I think we can all agree: 2017 was a hell of a year. Each new day and the raucous events that unfolded seemed to indicate we are spiraling into a much darker, bleaker version of the set of Idiocracy.
In a way, the world of indie beer followed suit. Two new types of craft drinkers emerged from the fold in hot pursuit of the most hyped brewing trends of the year: Pastry Stout Zombies and Hazeheads. The over-saturation of abrasively sweet dessert Stouts and Orange Julius-esque IPAs are, in this writer’s opinion, prime examples of the bandwagon effect killing innovation in the craft scene.
To be fair, sweet Stouts with a plethora of adjuncts aren’t a new concept -- a wide variety of notable Stouts loaded up with cocoa nibs, cinnamon, vanilla beans, and coconut have been making the rounds for years (High Water’s Campfire Stout, Mikkeller’s Beer Geek Vanilla Shake, etc.). But 2017 was when brewers embraced their collective sweet tooth full boar, and the Dark Beer community symbolically double-fisted a glass of Imperial Stout in one hand and a bottle of chocolate syrup in the other. The Pastry Stout has risen.
A November article in the Chicago Tribune even went so far as to suggest this trend can be reduced to the simple act of “throwing a bunch of stuff in beer.” The author describes his experience at this year’s Festival of Wood and Barrel-Aged Beer (FOBAB), one of Chicago’s most vital beer festivals, and the sheer amount of Pastry Stouts dominating the event. “After six hours wandering the aisles of [FOBAB] last weekend, I have concluded that craft beer is betraying itself. It is forgetting what beer should taste like.”
A strong opinion, for sure. But he does have a point: when you brew with dessert-centric ingredients and intentionality, the resulting beer is meant to taste like the sweet treat it’s emulating more than the beer style itself. Take Omnipollo’s Noa Pecan Mud Cake Stout. The brewer himself says it’s a creative outlet for his childhood dream of becoming a pastry chef, and one Untappd user proclaims, “This isn’t beer. It’s the best milkshake I’ve ever had.”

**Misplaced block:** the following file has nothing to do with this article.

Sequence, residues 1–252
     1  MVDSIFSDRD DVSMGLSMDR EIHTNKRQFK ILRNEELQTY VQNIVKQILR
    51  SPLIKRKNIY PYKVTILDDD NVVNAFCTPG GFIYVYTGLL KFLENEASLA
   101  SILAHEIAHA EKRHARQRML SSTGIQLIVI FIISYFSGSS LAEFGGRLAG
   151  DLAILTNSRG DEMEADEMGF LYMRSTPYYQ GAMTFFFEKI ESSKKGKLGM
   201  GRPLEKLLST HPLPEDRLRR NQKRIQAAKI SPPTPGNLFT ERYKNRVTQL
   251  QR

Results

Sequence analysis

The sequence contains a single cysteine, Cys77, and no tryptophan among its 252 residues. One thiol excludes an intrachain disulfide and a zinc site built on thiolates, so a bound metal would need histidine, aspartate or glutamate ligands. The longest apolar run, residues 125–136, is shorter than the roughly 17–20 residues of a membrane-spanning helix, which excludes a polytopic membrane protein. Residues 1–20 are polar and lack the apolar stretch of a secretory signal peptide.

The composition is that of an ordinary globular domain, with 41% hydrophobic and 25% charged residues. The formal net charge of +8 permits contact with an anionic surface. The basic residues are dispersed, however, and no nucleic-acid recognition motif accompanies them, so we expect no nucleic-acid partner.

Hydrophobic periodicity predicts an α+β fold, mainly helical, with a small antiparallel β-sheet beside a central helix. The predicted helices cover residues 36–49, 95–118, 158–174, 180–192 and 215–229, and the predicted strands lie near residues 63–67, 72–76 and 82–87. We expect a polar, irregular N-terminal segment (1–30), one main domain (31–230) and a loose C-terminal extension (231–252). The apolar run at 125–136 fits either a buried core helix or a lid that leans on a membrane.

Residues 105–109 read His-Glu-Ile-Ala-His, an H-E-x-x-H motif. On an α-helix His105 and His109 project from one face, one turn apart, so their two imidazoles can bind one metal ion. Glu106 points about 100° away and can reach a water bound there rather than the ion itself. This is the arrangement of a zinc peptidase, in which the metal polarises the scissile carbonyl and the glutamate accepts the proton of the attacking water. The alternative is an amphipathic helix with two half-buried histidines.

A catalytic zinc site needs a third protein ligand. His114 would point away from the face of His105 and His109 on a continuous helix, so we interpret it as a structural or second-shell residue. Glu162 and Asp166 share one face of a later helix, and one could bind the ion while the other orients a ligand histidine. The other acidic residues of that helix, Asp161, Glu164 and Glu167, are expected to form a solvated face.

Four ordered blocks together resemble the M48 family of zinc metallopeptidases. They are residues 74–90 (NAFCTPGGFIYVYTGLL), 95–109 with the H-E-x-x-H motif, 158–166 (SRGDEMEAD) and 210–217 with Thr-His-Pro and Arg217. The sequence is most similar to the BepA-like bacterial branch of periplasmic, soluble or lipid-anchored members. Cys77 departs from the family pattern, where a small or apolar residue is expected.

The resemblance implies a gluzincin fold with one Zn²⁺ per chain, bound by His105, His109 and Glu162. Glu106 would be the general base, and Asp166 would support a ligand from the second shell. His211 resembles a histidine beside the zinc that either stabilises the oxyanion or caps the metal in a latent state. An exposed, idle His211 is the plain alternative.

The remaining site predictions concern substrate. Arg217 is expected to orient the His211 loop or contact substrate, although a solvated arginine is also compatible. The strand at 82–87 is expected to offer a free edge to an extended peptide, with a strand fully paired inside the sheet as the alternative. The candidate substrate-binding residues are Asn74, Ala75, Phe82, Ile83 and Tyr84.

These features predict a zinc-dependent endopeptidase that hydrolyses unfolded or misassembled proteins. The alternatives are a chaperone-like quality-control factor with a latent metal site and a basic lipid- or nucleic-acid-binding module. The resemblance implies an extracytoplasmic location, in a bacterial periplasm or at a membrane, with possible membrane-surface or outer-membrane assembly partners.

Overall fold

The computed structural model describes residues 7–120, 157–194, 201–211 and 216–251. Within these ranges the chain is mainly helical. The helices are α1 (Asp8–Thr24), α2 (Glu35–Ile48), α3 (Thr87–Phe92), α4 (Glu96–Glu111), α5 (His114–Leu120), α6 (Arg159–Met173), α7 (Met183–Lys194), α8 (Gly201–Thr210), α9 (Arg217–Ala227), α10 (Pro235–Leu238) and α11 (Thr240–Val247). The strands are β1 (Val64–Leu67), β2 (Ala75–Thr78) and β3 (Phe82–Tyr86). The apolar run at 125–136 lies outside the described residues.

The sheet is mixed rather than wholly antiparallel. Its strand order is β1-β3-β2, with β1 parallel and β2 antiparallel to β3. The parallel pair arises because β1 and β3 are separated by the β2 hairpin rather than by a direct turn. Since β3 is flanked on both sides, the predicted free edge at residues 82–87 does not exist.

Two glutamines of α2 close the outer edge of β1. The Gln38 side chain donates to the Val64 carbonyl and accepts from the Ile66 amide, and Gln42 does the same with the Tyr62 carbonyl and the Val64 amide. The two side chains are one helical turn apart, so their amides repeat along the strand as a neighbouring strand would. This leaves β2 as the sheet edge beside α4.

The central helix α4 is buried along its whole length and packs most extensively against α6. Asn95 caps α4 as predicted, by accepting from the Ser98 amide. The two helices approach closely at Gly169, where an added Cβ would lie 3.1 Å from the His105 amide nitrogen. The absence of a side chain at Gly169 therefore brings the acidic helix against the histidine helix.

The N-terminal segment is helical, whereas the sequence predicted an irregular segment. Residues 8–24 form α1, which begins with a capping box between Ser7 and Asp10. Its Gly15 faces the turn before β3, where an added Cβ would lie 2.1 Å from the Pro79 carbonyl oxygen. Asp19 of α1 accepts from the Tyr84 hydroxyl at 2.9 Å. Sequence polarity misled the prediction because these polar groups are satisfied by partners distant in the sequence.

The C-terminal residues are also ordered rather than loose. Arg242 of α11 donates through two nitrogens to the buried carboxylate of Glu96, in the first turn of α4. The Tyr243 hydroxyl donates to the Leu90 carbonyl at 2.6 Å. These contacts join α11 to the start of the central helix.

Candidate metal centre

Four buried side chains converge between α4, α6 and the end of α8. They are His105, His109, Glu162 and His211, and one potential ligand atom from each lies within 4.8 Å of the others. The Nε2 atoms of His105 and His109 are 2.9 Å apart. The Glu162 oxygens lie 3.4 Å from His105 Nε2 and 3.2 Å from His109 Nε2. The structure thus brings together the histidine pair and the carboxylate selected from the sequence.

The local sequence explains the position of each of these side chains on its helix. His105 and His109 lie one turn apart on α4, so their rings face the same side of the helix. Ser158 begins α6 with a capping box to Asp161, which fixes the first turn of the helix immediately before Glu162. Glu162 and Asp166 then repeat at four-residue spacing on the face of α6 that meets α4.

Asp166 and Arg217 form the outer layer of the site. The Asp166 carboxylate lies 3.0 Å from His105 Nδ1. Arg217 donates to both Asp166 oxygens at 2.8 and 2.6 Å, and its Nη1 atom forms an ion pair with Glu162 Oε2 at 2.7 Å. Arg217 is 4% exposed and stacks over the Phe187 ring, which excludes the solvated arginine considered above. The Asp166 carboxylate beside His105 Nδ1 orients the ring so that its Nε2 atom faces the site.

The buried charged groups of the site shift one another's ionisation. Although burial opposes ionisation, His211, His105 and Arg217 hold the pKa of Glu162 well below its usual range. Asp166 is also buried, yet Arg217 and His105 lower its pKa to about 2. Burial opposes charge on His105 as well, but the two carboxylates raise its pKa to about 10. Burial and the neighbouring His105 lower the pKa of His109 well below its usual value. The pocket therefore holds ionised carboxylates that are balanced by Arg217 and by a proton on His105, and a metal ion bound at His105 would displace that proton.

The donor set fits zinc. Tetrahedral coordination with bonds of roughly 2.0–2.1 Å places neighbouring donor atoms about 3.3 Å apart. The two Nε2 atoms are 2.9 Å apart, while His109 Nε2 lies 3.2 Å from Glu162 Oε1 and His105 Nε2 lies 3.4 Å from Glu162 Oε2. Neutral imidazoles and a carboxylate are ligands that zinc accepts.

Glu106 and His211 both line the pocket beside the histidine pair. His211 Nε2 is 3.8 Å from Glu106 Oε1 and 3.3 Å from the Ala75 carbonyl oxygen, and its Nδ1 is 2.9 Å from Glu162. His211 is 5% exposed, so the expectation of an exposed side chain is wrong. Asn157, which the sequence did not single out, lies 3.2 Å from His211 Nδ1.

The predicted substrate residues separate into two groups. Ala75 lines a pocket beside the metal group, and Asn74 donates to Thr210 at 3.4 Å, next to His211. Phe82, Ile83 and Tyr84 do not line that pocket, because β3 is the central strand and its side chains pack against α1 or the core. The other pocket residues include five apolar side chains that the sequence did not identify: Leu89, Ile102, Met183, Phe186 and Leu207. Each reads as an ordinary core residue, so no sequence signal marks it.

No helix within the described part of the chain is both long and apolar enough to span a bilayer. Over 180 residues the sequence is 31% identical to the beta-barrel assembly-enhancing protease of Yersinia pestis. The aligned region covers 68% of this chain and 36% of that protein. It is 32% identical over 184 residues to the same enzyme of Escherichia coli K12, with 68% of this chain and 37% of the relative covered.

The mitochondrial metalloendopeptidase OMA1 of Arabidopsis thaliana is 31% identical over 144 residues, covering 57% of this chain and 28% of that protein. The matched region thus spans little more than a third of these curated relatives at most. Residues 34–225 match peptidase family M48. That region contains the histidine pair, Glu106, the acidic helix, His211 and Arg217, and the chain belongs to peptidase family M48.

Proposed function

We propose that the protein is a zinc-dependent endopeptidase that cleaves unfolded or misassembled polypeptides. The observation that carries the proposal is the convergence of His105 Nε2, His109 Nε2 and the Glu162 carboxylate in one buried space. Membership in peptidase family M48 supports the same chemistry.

Like many other hazemakers, it seems that Omnipollo has milkshakes on the mind. They teamed up with Ardmore, PA’s Tired Hands to create a whole “Milkshake IPA” series brewed with oats, lactose sugar, wheat flour, and apple puree, then fermented on different fruits and vanilla beans.
This shows the NE-style IPA craze has clearly reached new heights, with brewers vying to see who can make the creamiest, fruit-smoothiest hazebombs imaginable. And while some can fall flat, lacking nuance and variation, the trend is a sure departure from the old school caramel-malty-bitter-pine-needle IPAs of yesteryear. It’s actively encouraging new dry-hopping techniques and even cryogenically separated hops to produce exciting, high ABV brews that taste more like fruit juice than alpha oils. But when one of the oldest West Coast hop wielders starts making a Hazy IPA, is the style still as scintillating?
In my wildest beer dreams, 2018 would bring the advent of widely available Saisons and Farmhouse Ales, a revival of classic German styles, and a boom of experimental, challenging blended brews that hearken back to the times of unpredictable fermentation, yet also point toward the future of brewing. However, by the looks of it, the Pastry Stout regime will stand strong and the Haze Craze is here to stay.
Maybe it’s not all bad -- beers that remind you of Grandma’s German chocolate cake and your childhood favorite passionfruit-orange-guava juice could convert even the most staunch non-beer folk to the wonders of the craft scene. These “Gateway beers” could have the impact of introducing new drinkers to everything that beer can be. And that’s something we can all toast to.
What’s your take? Are Pastry Stouts and Hazy IPAs stifling creativity in brewing or invigorating it? Sound off in the comments!
Written by Sigmund Steiger
Featured image from Omnipollo Facebook Page